NLT Catholic Readers Edition

Tyndale’s NLT Catholic Readers Edition is an NLT with deuterocanonical books and is approved by the Catholic Church for reading and study. It includes the official Imprimatur, meaning it is officially licensed by the Roman Catholic Church. In this review I’m looking at the hard cover edition, ISBN: 9781496414014, printed in Italy.

Tyndale provided this Bible free for review. I was not required to give a positive review, only an honest one. All opinions are my own.


This book is available at (includes some affiliate links)



Barnes & Noble

and many local Bible bookstores



This is the hard cover edition with glued binding. The cover has a design with glossy photos in triangles. The back shows a paragraph about the NLT. The liner is a thick tan paper that has a rough texture and feels sturdy. It opens easily to any page. It includes a long thin dark blue ribbon marker and white head/tail bands. The overall size is 9.25 x 6.25 x 1.5″. The dimensions feel well-balanced.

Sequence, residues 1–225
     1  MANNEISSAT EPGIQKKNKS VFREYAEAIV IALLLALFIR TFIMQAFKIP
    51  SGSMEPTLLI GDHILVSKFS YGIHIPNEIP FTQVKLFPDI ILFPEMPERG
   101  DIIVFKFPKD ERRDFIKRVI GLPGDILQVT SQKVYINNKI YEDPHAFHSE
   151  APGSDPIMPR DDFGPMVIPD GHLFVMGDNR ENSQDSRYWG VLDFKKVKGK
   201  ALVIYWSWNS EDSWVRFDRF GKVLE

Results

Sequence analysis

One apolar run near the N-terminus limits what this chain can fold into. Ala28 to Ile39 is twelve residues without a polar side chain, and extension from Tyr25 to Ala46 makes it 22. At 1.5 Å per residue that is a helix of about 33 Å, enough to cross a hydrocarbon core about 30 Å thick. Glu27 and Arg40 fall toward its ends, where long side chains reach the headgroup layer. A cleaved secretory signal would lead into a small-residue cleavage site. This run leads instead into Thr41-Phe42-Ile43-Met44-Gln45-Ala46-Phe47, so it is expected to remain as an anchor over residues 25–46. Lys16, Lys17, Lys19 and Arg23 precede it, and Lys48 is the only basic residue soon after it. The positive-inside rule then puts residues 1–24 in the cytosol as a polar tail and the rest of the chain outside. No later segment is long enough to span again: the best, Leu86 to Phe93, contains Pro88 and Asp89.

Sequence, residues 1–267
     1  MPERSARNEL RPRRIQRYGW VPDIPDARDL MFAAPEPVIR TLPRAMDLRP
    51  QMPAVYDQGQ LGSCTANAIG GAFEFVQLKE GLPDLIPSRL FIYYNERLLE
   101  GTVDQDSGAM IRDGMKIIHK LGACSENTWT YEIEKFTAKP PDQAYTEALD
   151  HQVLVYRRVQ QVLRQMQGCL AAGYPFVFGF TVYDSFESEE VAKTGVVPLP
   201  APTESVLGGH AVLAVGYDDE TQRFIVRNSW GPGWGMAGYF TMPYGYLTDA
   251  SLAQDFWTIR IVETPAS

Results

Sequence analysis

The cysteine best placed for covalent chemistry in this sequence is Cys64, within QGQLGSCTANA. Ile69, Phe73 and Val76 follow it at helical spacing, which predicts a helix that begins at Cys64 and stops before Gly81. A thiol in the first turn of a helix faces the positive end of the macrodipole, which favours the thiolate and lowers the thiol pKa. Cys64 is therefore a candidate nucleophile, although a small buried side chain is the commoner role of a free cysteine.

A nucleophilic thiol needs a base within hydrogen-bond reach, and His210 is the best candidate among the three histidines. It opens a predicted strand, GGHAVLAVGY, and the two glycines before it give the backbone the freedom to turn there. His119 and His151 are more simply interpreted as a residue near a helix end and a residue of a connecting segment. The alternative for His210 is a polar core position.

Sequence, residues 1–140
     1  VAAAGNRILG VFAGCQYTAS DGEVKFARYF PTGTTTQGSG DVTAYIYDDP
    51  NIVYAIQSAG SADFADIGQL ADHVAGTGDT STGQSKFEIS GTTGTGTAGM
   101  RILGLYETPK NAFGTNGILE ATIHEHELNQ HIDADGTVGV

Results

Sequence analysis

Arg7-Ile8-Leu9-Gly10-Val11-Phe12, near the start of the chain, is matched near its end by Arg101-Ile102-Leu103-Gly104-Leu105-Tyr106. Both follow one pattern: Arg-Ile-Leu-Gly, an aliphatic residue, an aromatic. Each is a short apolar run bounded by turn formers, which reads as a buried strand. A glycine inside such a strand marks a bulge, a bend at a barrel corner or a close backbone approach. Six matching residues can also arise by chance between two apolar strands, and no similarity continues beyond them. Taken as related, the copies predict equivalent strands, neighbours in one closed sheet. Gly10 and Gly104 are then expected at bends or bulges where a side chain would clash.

To my fingers the paper feels like it’s in the lower to mid 30’s in gsm and is very opaque. It’s white in color (slightly ivory under certain light – which I like a lot) and has an excellent contrast with the text. It has a rough texture that’s great for note-taking and highlighting. The pages are easy to turn. It has no glare under direct light. It has several pages in the back that can be used for notes.


The text is presented in double column paragraph format with section headings in semi-bold italics. Poetry is placed in a poetic setting and letters are indented. The header includes the book name and chapter number in the outer margin and the page number in the inner margin. The footer shows the translator’s footnotes.

This isn’t like the standard reader’s editions that we’ve seen recently. This does have chapter and verse numbers, footnote keys, and section headings within the text. It’s called a readers edition because it isn’t approved by the Catholic Church for liturgical use – only for personal reading and study. It’s a text edition with footnotes rather than a reference edition.